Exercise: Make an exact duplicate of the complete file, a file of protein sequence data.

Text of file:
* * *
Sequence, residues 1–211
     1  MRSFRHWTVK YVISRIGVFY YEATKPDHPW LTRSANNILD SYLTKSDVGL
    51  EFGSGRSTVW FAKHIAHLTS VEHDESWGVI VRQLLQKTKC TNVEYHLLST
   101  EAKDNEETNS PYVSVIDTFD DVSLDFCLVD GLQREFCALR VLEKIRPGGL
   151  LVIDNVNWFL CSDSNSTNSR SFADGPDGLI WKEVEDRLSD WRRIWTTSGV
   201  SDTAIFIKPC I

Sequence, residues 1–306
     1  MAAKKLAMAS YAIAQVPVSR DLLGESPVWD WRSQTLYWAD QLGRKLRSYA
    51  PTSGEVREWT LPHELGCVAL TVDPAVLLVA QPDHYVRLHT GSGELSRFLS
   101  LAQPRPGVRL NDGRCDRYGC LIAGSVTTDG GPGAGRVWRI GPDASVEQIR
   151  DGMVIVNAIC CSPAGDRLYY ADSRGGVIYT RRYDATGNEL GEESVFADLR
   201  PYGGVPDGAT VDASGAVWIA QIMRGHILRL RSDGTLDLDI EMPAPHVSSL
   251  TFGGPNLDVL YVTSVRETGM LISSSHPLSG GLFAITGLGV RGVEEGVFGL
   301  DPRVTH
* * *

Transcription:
Sequence, residues 1–211
     1  MRSFRHWTVK YVISRIGVFY YEATKPDHPW LTRSANNILD SYLTKSDVGL
    51  EFGSGRSTVW FAKHIAHLTS VEHDESWGVI VRQLLQKTKC TNVEYHLLST
   101  EAKDNEETNS PYVSVIDTFD DVSLDFCLVD GLQREFCALR VLEKIRPGGL
   151  LVIDNVNWFL CSDSNSTNSR SFADGPDGLI WKEVEDRLSD WRRIWTTSGV
   201  SDTAIFIKPC I

Sequence, residues 1–306
     1  MAAKKLAMAS YAIAQVPVSR DLLGESPVWD WRSQTLYWAD QLGRKLRSYA
    51  PTSGEVREWT LPHELGCVAL TVDPAVLLVA QPDHYVRLHT GSGELSRFLS
   101  LAQPRPGVRL NDGRCDRYGC LIAGSVTTDG GPGAGRVWRI GPDASVEQIR
   151  DGMVIVNAIC CSPAGDRLYY ADSRGGVIYT RRYDATGNEL GEESVFADLR
   201  PYGGVPDGAT VDASGAVWIA QIMRGHILRL RSDGTLDLDI EMPAPHVSSL
   251  TFGGPNLDVL YVTSVRETGM LISSSHPLSG GLFAITGLGV RGVEEGVFGL
   301  DPRVTH